The Book of Changing Years
On 1st May 1895 a young gentleman — a recently admitted solicitor from the West Country — called upon the offices of Pelgrane Press bearing a manuscript loosely bound in waxed paper and string, together with a small steamer trunk packed with an assortment of curios. Acting under instructions from his anonymous client, he passed these items to me together with a banker’s draft drawn on the Bank of England for a substantial sum.
The book itself is a work of scientific romance, a gallimaufry of fables in the manner of The Time Machine by H.G. Wells. To what end it was written, and for whom, I may never know, but I hope you, Gentle Reader, find it of use, whoever you are, wherever you may travel and whenever you read it.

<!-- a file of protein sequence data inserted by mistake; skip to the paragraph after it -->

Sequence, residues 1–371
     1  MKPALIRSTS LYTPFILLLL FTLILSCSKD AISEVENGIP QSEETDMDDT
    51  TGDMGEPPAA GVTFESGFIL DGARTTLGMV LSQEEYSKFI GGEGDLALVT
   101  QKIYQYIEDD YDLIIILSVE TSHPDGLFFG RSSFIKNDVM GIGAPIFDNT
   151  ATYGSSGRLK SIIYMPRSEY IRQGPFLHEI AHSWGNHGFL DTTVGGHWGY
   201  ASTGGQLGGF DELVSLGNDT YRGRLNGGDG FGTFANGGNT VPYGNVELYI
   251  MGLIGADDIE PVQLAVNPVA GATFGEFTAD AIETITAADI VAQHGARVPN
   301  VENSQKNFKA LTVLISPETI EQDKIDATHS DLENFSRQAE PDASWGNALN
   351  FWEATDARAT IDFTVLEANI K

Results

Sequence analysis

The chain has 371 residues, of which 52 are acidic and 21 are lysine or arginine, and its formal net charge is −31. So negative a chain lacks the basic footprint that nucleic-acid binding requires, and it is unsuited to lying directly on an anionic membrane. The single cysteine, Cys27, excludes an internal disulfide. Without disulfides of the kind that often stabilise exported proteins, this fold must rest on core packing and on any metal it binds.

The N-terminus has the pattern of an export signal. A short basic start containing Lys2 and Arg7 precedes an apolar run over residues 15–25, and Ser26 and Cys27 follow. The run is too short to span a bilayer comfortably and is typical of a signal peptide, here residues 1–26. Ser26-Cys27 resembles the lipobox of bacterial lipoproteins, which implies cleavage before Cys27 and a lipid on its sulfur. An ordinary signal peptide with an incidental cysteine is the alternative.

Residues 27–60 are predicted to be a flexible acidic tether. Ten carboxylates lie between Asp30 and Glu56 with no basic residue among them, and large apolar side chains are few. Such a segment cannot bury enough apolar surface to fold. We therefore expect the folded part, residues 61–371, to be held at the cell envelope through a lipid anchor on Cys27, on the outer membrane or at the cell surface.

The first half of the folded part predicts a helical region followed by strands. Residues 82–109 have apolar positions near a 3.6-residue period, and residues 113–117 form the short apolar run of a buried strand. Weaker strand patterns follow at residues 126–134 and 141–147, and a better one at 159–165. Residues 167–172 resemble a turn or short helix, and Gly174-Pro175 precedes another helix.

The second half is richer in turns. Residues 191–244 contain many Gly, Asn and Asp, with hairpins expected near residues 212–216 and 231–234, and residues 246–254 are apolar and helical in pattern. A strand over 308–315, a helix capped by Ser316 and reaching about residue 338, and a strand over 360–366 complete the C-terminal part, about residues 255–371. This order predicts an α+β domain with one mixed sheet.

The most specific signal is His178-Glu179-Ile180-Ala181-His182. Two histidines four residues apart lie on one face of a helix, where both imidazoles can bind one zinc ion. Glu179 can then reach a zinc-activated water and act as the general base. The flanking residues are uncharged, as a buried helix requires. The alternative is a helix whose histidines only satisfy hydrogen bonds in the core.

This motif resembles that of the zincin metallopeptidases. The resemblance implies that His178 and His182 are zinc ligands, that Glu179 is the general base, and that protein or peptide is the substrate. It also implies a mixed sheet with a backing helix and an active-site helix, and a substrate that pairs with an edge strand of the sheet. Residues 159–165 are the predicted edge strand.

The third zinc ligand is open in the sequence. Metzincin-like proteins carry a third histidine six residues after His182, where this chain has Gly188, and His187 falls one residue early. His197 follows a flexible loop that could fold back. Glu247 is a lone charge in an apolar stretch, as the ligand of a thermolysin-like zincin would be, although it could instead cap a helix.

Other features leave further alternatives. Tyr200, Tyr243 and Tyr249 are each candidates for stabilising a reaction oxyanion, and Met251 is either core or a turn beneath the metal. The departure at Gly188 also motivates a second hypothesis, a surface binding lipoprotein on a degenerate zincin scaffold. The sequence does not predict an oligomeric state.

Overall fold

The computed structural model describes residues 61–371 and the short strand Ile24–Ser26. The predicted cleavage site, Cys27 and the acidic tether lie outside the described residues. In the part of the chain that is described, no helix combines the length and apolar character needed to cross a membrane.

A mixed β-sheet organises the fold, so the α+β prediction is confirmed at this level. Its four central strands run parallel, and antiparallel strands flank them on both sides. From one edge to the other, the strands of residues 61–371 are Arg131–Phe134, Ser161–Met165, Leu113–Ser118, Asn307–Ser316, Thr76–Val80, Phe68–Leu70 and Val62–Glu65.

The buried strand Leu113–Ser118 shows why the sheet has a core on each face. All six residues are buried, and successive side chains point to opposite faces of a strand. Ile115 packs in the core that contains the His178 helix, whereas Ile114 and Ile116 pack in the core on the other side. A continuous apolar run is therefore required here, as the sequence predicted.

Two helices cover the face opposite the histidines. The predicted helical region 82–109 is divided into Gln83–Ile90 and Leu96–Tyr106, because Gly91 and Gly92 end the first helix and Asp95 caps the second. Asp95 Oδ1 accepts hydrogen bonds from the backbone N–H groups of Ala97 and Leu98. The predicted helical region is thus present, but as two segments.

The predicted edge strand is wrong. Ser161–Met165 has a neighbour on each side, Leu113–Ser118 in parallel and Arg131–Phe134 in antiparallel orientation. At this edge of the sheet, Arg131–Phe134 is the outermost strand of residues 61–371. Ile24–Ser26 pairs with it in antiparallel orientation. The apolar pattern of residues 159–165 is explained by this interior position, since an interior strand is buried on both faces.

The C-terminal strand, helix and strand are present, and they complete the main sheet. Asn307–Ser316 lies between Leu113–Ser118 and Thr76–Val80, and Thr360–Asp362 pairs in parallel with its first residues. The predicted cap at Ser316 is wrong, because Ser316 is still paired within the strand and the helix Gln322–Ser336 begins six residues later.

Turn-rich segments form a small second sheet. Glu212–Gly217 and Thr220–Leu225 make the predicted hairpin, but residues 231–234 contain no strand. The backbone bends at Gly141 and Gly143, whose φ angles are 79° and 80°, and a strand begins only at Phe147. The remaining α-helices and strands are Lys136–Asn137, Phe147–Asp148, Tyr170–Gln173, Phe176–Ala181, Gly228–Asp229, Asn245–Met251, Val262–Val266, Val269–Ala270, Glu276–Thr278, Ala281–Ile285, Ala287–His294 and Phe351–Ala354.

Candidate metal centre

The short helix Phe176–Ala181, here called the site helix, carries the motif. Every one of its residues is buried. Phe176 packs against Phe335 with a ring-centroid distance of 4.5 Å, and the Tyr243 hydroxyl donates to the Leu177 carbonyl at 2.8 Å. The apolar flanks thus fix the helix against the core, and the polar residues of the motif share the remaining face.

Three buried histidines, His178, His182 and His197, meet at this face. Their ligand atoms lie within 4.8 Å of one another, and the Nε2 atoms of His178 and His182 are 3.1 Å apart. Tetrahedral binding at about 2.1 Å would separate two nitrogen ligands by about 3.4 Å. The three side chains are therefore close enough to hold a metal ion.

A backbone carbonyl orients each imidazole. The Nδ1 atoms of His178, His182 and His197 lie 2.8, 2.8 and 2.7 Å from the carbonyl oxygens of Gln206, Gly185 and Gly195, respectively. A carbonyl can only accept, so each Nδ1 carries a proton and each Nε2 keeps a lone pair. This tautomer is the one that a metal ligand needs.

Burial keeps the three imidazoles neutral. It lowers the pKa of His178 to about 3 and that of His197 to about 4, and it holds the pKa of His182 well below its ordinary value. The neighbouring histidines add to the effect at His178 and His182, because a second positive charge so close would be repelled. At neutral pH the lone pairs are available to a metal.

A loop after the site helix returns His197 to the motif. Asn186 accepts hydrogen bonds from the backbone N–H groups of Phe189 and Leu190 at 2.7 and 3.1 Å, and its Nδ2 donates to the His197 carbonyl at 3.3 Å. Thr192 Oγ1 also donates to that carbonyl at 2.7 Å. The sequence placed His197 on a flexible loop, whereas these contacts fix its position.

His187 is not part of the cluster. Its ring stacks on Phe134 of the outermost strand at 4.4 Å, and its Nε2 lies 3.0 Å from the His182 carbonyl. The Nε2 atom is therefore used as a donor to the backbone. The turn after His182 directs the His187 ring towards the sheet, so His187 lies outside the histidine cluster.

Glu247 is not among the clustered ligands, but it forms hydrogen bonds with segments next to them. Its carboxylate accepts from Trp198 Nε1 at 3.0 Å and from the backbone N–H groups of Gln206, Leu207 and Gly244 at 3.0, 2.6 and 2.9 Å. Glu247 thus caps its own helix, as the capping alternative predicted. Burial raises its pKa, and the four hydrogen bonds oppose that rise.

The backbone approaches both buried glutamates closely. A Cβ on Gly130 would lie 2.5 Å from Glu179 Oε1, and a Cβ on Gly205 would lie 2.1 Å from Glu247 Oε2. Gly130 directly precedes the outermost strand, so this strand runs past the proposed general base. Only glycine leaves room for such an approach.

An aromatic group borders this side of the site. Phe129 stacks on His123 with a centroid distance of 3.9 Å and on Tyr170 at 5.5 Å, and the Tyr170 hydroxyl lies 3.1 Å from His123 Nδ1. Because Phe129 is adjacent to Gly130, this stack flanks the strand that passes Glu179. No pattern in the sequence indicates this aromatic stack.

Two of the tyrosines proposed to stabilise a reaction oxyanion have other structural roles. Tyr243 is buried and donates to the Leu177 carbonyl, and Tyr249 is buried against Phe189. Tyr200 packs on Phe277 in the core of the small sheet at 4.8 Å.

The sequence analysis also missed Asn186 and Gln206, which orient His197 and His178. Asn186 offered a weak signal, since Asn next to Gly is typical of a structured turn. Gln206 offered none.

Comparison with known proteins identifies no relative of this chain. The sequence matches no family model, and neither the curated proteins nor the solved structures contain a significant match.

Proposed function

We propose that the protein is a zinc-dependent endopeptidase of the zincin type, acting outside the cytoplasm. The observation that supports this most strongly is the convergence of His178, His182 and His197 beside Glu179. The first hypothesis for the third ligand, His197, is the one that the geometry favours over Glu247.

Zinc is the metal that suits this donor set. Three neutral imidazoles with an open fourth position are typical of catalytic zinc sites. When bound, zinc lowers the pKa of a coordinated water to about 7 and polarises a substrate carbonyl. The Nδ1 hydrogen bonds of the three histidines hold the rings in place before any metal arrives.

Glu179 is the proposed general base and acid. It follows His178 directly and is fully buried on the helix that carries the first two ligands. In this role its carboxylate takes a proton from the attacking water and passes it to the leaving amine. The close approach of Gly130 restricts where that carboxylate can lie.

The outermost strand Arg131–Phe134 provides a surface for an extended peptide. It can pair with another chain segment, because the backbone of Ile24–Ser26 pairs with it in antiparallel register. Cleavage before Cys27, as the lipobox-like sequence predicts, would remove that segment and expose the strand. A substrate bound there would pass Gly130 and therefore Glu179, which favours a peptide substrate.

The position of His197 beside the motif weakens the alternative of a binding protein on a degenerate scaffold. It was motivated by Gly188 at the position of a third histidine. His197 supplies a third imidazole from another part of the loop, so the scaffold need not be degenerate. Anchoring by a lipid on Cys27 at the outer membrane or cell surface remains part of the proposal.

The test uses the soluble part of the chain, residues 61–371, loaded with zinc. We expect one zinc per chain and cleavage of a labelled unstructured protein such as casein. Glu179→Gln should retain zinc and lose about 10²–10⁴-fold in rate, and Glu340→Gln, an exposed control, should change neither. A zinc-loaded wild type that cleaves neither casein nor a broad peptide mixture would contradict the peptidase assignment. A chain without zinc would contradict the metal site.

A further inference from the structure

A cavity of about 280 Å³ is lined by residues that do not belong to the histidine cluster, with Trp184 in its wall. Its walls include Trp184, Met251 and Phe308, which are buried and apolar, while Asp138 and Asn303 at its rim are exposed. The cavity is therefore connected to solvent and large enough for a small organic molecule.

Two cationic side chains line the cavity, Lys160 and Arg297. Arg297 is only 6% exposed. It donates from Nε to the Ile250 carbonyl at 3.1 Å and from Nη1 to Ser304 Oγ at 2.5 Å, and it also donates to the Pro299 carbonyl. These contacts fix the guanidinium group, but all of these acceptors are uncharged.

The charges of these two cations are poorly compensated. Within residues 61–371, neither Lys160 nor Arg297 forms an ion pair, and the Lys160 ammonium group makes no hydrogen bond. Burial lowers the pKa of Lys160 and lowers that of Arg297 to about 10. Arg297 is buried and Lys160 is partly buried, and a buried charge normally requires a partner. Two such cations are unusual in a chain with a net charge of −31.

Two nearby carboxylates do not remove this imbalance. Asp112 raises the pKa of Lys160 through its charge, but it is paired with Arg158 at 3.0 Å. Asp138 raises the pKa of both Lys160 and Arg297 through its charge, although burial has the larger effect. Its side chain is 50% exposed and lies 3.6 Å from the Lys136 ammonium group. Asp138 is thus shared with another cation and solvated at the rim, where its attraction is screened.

The Book of Changing Years is a collection of time travellers’ tales and curios put together on the quiet by agents of TimeWatch and secreted in an innocuous drawer in the Citadel — TimeWatch HQ. It’s an in-world book of clues and mysteries for players of the TimeWatch RPG in the style of The Book of the Smoke and The Armitage Files.
- Why are there too many cats in London in 1840 and no dogs at all, and how does that relate to the pyramids of Kush?
- Why is Edward V scouring the timelines for Caravaggios?
- Who time-pranked Alexander Graham Bell into thinking he’d heard spirit voices on his new invention?
Fire up your autochron, unhook your tethers and dive into the gaps between the chimes.